A Librarian's Thoughts on Book Banning
Book Review: Ellen Tebbits by Beverly Cleary

Book Review: Braver Than You Think by Maggie Downs

Beyond that, I wonder if this is even my tragedy to understand. The struggle of my own mortality feels selfish in the face of those trying to reconcile their humanity, and I have no right to stake a claim in their personal suffering. I can’t escape the fact that I am a foreigner here, and I always will be. I can grieve here, but what right do I have to feel so sad?

BraverI think to some extent, reading is about recapturing the way a certain book made you feel. You read a book and love it, and then you want a different book that makes you feel the same feeling.

This is true for the book Braver than You Think: Around the World on the Trip of My (Mother’s) Lifetime by Maggie Downs. I read it because it is a book about a woman dealing with her parent’s Alzheimer’s, but mostly I read it because I loved Cheryl Strayed’s Wild: From Lost to Found on The Pacific Crest Trail and wanted to feel something similar. Something about how travel can transform you.

They are not the same book.

When Maggie Downs was little, her mom spent many hours with her, reading National Geographic and imaging the places she would visit. But she never had the opportunity; not long after her children were grown and out of the house, she developed early-onset Alzheimer’s.

So Maggie decides to take a year-long trip like the one her mother wanted to take.

She travels to many different parts of the earth, Africa to South America to Asia. This trip coincides with the first year of her marriage and the year her mother dies, so she is torn. Is she selfish to be traveling rather than spending time with her (dying) mother and her new husband?

But she continues on.

I enjoyed this book for many reasons. I learned a lot about different areas of the world (although very few of her experiences made me want to travel the way that she traveled). Since my dad died of dementia, I could relate to many of the struggles she tried to work through (although sometimes it felt like she was angry at her mom for her disease, as if she couldn’t remember her daughter anymore out of a spirit of malice). The loss of a parent is something I am still trying to come to grips with, so many of her responses helped me.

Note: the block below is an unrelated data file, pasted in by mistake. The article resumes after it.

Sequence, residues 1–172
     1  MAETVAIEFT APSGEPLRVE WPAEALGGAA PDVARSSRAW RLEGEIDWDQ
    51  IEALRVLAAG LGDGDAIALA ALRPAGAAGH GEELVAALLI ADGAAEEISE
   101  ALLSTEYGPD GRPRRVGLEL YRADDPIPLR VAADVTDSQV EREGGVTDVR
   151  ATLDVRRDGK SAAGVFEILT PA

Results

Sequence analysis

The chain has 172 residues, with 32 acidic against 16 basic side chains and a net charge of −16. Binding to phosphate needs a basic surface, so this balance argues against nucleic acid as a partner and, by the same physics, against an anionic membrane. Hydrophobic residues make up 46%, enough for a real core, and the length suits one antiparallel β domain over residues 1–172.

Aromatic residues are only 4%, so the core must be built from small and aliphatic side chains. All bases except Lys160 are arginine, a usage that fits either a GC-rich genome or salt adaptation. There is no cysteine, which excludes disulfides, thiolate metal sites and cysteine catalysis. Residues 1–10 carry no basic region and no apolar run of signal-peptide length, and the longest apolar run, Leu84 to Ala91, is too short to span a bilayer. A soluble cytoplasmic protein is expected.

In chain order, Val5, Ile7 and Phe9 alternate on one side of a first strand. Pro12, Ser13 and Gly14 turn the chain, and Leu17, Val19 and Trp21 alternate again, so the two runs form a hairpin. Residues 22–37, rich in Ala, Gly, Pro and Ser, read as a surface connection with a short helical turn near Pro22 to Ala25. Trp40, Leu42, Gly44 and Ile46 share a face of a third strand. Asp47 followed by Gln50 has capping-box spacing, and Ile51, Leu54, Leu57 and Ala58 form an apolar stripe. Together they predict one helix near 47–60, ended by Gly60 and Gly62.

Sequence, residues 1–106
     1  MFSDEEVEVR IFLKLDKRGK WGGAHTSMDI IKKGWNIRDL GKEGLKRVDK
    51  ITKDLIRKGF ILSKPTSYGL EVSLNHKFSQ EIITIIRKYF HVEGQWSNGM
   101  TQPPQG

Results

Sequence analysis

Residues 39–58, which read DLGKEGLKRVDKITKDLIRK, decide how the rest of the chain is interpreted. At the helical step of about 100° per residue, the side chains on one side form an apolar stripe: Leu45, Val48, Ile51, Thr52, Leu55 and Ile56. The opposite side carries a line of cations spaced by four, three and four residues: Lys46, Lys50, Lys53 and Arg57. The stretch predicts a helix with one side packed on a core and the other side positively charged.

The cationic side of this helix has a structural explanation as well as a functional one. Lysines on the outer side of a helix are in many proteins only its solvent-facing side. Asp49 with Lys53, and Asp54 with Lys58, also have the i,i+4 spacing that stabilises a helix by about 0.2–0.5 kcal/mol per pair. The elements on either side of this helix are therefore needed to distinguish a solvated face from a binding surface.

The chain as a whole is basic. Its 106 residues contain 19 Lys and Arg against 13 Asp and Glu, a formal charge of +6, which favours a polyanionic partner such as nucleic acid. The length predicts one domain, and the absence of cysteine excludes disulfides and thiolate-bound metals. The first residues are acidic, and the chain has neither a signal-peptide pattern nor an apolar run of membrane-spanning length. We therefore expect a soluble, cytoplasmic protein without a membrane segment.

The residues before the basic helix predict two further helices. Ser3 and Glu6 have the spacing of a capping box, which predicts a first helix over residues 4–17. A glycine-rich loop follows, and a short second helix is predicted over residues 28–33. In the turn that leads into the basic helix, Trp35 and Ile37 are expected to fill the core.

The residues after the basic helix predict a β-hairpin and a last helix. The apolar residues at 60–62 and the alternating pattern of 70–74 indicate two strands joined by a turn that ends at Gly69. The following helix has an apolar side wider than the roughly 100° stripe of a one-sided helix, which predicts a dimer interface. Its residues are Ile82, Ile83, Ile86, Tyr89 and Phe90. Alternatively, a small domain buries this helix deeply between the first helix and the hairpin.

But I didn’t love it like I wanted to.

Partly because I had a hard time forgiving her for something she does on the Nile. One of her excursions is to white-water raft the headwaters of the Nile, and when she survives it, she drops her orange peel in the water, imagining it swirling all the way down to the Mediterranean, someone finding it and wondering about its origin. This kind of arrogance offends me: a river isn’t about your need to leave a mark on the world (but the orange peel probably could exist for that long, which is why you carry out what you bring in), and it illustrates that she and I don’t look at the world in the same way.

Mostly it’s because she writes like a reporter writes (which makes sense considering she is a reporter) rather than like a poet would (which is the kind of writing I respond to the most).

Even though it didn’t evoke the same response for me that Cheryl Strayed’s travel book did, I am glad I picked this one up. It sparked some new travel interests for me, and reminded me of a story in Paris that I still would like to turn into an essay, and reminded me that it is OK I am still grieving for both of my parents’ deaths. And other, newer losses in my life, honestly. “I’ve had to cultivate a certain amount of faith to continue moving through the world,” Maggie writes, and I have to nod my head. That’s a tidy summary of life as time moves forward. It takes more and more faith—not in God, necessarily. In yourself.


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